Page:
The CSIRO has sacked one of its senior executives over an alleged fraud involving an official credit card.
The allegation against the organisation's general manager for business and infrastructure services, Mark Wallis, has been referred to federal police.
Mr Wallis was the executive in charge of one of the federal government's biggest land deals, the sale of the CSIRO's 701-hectare field station on the ACT-New South Wales border to be developed for hundreds of houses.
The proceeds of the massive deal are to bolster the cash-strapped organisation's research efforts.
Mr Wallis joined the CSIRO in 2011 after working as a property manager for the AFP.
In a statement released on Tuesday, CSIRO spokesman Huw Morgan confirmed that Mr Wallis was no longer employed by the organisation and there had been a breach of the CSIRO code-of-conduct in relation to "expenditure".
"The CSIRO Code of Conduct is there to ensure the appropriate standards of behaviour are upheld and that the trust placed in our employees by the CSIRO, as a Commonwealth Government organisation, is respected," Mr Morgan said.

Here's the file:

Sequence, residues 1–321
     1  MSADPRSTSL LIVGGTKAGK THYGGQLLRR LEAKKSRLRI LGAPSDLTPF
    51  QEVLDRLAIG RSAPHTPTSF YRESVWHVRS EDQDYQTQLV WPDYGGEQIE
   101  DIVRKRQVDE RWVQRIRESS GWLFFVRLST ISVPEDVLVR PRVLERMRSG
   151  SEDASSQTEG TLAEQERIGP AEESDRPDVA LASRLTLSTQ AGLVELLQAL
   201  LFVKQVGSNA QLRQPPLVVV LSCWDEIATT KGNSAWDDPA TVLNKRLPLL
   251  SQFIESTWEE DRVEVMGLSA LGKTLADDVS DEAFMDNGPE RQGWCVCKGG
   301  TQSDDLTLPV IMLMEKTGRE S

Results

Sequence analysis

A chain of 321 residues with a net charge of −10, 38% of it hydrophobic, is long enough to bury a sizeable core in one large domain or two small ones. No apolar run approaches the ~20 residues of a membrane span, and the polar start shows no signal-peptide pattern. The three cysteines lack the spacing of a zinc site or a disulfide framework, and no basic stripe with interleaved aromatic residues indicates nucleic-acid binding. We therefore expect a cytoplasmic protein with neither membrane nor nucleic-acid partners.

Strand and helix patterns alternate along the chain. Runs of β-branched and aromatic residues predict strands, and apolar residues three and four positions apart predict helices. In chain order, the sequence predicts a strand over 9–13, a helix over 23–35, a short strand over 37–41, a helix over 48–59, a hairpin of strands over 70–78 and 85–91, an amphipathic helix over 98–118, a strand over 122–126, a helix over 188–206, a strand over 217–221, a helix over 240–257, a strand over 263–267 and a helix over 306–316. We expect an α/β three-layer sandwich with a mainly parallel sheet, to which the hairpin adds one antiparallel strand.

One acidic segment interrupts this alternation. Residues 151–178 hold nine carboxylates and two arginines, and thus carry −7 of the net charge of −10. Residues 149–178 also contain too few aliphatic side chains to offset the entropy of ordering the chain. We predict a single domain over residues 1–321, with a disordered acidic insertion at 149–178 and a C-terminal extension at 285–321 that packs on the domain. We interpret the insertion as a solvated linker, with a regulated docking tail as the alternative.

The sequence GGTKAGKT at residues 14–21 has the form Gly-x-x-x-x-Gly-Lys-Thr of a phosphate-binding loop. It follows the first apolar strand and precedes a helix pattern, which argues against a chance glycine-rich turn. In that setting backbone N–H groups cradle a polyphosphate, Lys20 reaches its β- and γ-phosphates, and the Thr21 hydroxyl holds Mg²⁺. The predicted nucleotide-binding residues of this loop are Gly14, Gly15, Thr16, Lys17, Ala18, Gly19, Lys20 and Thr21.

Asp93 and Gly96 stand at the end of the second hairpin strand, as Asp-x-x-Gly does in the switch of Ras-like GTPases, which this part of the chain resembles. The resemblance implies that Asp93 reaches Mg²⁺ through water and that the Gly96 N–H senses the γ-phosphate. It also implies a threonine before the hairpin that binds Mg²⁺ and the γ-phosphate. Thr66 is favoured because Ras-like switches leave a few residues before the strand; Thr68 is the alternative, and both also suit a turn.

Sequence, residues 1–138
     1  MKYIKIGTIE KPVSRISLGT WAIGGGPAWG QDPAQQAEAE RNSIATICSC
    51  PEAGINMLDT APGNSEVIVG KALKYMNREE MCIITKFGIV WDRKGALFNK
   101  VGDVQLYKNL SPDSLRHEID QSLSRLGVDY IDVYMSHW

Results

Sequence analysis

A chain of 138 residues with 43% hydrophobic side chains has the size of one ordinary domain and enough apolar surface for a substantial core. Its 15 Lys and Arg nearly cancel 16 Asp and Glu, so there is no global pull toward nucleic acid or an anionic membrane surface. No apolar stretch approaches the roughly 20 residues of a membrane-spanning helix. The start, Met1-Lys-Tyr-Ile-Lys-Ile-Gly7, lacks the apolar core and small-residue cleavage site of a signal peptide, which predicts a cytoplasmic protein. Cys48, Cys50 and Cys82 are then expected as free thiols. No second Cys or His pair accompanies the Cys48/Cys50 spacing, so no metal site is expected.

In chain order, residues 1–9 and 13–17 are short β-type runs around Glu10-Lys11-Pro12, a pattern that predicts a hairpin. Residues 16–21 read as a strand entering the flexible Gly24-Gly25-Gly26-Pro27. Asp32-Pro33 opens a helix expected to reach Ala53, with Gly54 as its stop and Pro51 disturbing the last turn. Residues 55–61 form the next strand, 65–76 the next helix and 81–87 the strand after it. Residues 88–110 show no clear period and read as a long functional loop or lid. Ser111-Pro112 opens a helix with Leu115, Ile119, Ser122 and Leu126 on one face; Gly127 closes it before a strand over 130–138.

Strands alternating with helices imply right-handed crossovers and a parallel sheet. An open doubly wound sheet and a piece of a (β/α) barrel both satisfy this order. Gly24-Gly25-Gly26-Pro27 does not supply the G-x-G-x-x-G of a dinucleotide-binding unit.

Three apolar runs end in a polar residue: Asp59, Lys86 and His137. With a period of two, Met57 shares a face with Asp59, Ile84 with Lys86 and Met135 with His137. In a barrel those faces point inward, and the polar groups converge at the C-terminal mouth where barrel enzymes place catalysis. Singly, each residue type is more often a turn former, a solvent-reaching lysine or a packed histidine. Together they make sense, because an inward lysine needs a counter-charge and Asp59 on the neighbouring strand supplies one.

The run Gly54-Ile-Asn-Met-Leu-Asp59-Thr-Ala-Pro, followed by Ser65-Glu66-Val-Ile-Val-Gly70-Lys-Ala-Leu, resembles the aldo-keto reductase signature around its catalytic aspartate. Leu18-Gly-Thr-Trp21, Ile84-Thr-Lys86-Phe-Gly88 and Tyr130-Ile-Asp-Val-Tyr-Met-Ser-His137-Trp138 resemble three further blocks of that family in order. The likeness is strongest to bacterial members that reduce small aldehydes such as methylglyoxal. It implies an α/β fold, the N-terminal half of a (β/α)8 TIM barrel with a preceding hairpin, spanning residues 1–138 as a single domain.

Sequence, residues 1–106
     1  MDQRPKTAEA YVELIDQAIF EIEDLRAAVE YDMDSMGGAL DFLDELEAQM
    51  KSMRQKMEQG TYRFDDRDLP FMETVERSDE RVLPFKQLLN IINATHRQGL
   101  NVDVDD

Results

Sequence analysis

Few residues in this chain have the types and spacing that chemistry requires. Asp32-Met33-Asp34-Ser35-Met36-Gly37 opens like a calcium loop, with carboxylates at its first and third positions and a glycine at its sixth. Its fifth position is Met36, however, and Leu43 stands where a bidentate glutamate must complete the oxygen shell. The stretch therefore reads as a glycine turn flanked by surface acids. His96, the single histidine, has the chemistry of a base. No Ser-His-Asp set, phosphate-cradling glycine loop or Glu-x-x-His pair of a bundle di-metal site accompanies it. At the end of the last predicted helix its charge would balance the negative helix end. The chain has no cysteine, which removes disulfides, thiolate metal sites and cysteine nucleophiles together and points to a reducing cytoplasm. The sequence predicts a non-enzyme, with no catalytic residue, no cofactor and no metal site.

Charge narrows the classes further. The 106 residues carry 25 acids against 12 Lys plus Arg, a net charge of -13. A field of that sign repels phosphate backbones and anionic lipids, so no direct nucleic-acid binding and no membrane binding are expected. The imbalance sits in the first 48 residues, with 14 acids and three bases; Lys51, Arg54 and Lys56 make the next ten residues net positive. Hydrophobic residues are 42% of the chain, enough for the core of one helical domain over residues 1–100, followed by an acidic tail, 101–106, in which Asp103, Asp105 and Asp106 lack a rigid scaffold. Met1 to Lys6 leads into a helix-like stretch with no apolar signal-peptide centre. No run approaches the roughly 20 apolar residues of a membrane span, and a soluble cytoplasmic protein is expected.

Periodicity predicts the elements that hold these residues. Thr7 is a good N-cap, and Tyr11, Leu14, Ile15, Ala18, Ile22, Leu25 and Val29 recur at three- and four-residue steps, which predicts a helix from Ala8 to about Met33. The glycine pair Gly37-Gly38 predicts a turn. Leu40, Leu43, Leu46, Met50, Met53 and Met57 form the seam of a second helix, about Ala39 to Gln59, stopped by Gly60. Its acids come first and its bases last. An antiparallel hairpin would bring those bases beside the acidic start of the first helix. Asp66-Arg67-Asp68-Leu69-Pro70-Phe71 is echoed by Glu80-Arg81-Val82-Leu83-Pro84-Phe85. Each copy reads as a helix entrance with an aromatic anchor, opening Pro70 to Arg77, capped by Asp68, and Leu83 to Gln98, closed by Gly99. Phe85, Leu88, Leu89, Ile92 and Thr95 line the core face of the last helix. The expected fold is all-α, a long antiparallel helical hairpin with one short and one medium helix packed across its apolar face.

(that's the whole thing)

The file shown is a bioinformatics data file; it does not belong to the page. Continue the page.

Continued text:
"We take potential breaches of the CSIRO Code of Conduct seriously.
"Recently, we have identified such a breach relating to expenditure.
"The individual is no longer employed by CSIRO.
"It is not appropriate for us to comment further."
But in an email sent to all staff on Tuesday, Chief Finance Officer Hazel Bennett warned that any other breaches could result in the organization's management calling the police.
"In instances where there has been a suspected breach reported, or we have fair reason to believe that a breach may have occurred, it is our responsibility to ensure the matter is reviewed and if necessary investigated and the appropriate course of action taken including, where relevant, referral to the AFP," Ms Bennett wrote.
"Serious breaches are unusual but it is a reminder to us all to be familiar with the code of conduct and relevant policies and procedures."
It is unclear what effect Mr Wallis's sacking will have on the vast Ginninderra project, which has been in the pipeline since 2011, but it comes at a crucial time for the scheme.
The CSIRO began the second stage of its procurement process this month to select a developer to build the hundreds of houses at the Belconnen site from a shortlist compiled as part of the first phase.
The process was expected to take the rest of the year with a successful tenderer to be announced in early 2018.
The CSIRO hoped to begin building at its former field station in 2019.